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What else should I learn to get into a PhD?

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I wish to apply a PhD in integrated in biology and medicine, focusing on cancer and stem cell research, my BSc is Biomedical Science and I have an introduction level cancer biology and stem cell biology course but it seems not enough, do I need to learn something else in the field?

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On 4/26/2018 at 9:25 AM, catsareme said:

Do you have any research experience at all?

I agree. Research experience is a must otherwise you are not going to get any interviews. If you haven't yet, look at labs that specialize in cancer research and stem cell research of your interest. 

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The MOST important thing you can do (even more important than having stellar grades) is to get into a lab as an undergrad and actually do some research. I had the opportunity to help with admissions one year, and that is definitely something they look for!

Summer Research Experiences for Undergrads (REUs) are okay, but they're not really that great for building confidence in your research ability. In a 6-8 week REU, all you really do is learn the basics of a technique, but you don't really get into much real science. What would be better would be to spend a whole academic year, 20 or so hours a week, working in a lab either on a small project or with a grad student/ postdoc on their projects. This will get you into the nitty gritty of science, making your troubleshoot and come up with new hypotheses. Basically it will help show yourself and the AdComm that you get what science will be and are likely cut out for grad school. If you've already graduated, work as a tech for a year or two before you apply to grad school. You'll thank us for it, later.

I know for a fact that my 6 years research experience (4 years undergrad, 2 years MS) are what got me into grad school, despite that my 3.6 GPA was lower than some other applicants. I also know that there have been people that have been rejected from programs with 4.0's because they didn't have research experience. Remember for Biomed PhD programs, they're going to be paying you to do the research. Having research experience helps show them you're worth taking the chance on. What they don't want are people who go to grad school without knowing what to expect as a researcher and then dropping out. Does that make sense?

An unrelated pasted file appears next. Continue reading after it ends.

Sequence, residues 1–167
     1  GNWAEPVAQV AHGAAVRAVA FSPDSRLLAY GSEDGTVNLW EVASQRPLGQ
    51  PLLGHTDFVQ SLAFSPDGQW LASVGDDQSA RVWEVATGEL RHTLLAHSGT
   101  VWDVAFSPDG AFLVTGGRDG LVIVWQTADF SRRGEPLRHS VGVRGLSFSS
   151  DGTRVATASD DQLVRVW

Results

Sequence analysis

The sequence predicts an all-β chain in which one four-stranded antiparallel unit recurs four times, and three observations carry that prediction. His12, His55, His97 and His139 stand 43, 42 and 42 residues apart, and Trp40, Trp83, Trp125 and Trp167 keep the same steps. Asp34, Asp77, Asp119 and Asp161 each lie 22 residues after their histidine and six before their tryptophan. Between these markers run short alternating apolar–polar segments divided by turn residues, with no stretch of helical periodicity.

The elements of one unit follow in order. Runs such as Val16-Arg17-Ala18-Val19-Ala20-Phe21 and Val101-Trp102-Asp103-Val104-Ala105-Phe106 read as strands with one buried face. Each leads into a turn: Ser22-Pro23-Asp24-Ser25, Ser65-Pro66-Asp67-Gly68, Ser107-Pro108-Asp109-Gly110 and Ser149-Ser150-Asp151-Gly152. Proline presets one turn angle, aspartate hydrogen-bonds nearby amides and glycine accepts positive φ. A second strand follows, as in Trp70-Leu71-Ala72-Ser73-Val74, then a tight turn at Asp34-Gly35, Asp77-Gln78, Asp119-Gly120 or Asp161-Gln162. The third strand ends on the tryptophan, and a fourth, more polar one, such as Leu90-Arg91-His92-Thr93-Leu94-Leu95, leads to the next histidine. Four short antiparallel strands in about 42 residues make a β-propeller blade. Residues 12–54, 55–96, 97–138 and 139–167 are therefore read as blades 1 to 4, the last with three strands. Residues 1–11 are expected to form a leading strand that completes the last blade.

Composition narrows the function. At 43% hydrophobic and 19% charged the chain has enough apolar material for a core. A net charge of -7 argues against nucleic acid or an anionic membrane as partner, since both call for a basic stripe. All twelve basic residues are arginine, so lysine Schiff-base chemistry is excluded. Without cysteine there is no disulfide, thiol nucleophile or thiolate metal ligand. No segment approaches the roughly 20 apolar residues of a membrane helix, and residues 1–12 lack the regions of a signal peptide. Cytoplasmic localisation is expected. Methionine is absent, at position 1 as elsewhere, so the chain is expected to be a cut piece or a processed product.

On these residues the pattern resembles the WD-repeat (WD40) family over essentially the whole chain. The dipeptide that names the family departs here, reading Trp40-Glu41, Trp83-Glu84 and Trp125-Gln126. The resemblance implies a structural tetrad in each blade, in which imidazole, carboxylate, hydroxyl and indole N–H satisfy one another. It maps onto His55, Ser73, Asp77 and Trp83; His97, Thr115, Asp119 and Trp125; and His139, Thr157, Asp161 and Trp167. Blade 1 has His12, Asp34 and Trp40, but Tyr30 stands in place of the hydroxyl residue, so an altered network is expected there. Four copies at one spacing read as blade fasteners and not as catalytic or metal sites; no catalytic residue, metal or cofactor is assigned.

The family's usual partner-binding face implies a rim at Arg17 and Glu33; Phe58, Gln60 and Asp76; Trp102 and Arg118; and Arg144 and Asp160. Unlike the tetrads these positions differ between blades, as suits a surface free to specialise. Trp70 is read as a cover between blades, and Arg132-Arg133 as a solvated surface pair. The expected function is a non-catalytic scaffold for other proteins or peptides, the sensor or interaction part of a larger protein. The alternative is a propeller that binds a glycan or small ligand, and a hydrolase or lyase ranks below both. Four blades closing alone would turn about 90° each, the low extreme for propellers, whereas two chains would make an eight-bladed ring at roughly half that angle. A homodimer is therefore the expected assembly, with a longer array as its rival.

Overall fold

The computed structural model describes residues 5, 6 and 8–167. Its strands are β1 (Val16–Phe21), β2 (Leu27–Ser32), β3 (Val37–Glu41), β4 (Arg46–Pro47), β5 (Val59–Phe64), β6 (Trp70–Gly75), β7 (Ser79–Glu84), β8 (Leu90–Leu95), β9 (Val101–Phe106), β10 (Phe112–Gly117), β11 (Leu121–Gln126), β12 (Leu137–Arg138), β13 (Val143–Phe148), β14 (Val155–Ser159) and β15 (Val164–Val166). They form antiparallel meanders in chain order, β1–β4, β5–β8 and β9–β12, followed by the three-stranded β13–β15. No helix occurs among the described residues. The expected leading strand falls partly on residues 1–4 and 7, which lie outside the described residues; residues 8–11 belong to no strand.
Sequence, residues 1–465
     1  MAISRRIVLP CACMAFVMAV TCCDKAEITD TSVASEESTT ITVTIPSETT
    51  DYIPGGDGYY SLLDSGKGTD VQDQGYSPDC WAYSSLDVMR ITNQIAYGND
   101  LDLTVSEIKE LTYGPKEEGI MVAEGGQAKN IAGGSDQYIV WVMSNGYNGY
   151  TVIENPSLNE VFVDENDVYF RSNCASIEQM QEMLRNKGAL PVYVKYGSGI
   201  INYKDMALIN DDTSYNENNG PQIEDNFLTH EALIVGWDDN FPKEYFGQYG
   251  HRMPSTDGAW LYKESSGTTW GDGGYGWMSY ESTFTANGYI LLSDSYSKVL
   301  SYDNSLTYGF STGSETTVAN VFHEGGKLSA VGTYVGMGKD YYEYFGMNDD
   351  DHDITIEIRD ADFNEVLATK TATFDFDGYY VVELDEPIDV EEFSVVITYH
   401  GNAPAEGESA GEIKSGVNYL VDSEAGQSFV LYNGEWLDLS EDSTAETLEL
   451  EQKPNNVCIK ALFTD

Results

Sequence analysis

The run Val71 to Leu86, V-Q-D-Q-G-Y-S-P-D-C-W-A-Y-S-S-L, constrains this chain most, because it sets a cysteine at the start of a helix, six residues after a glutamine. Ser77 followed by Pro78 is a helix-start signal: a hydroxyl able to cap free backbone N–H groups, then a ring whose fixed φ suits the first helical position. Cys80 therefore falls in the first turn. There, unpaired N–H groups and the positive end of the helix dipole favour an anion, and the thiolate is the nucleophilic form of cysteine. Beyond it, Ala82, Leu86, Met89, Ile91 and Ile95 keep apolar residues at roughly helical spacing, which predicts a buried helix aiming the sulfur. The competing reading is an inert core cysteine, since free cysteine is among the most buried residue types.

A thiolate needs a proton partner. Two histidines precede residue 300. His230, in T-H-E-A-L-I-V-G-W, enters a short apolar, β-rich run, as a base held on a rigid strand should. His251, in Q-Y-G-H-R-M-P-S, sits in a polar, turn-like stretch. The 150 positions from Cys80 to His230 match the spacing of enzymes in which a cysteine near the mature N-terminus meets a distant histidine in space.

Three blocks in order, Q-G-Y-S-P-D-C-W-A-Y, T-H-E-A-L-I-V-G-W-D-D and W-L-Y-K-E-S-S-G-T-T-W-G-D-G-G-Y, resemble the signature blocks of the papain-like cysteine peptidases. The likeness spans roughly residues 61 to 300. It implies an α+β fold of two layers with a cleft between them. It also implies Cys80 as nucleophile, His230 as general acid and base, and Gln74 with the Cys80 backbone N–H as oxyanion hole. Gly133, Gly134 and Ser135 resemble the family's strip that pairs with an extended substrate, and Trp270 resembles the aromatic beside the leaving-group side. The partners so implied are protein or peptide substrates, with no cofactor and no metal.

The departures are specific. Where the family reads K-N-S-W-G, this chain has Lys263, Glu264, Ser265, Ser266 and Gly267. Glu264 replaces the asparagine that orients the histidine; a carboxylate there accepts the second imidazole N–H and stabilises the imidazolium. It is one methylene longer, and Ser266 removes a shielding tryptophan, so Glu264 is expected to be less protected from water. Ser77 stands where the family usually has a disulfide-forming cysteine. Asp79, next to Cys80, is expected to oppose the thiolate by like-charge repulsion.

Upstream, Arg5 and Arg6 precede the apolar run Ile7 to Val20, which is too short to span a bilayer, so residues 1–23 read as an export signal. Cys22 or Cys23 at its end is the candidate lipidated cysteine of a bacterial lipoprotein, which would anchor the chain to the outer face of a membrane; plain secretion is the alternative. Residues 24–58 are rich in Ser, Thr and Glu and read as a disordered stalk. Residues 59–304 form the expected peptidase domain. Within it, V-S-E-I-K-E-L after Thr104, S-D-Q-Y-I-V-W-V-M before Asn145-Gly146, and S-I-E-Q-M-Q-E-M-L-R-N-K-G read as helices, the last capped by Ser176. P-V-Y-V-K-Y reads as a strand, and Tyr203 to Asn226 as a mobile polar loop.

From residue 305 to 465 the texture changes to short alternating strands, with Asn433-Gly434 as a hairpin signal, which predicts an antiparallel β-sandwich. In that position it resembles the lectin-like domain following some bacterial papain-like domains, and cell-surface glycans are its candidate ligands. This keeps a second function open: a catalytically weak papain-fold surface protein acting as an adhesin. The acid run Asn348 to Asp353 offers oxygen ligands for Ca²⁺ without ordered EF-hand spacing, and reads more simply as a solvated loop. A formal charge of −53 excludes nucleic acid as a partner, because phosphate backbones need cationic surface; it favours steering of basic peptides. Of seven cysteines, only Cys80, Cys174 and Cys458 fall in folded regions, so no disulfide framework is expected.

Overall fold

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Agree with research experience. Having specific coursework is nice, but it's also something you can make up for in grad school (for example, I'll be taking a statistics class during my first year as a PhD student because I didn't take it in undergrad, but this didn't prevent me from being accepted.) Having research experience in biomed is absolutely vital though. I took a year and a half off after my BSc to work in a lab as a technician and that combined with my other undergraduate research experience (totaling approximately 5 years cumulatively) made me a very strong candidate for my program. Every single professor I interviewed with mentioned how much of an advantage my research experience was. I had a lower GPA (3.4) and slightly lower than average GREs, but my research experience and multiple publications showed that I was ready. You can't just rely on your coursework to get you in. Of course, take classes that are relevant and interesting to you - I took like 6 different microbiology/related courses as an undergrad - but you will learn far more from actual lab experience

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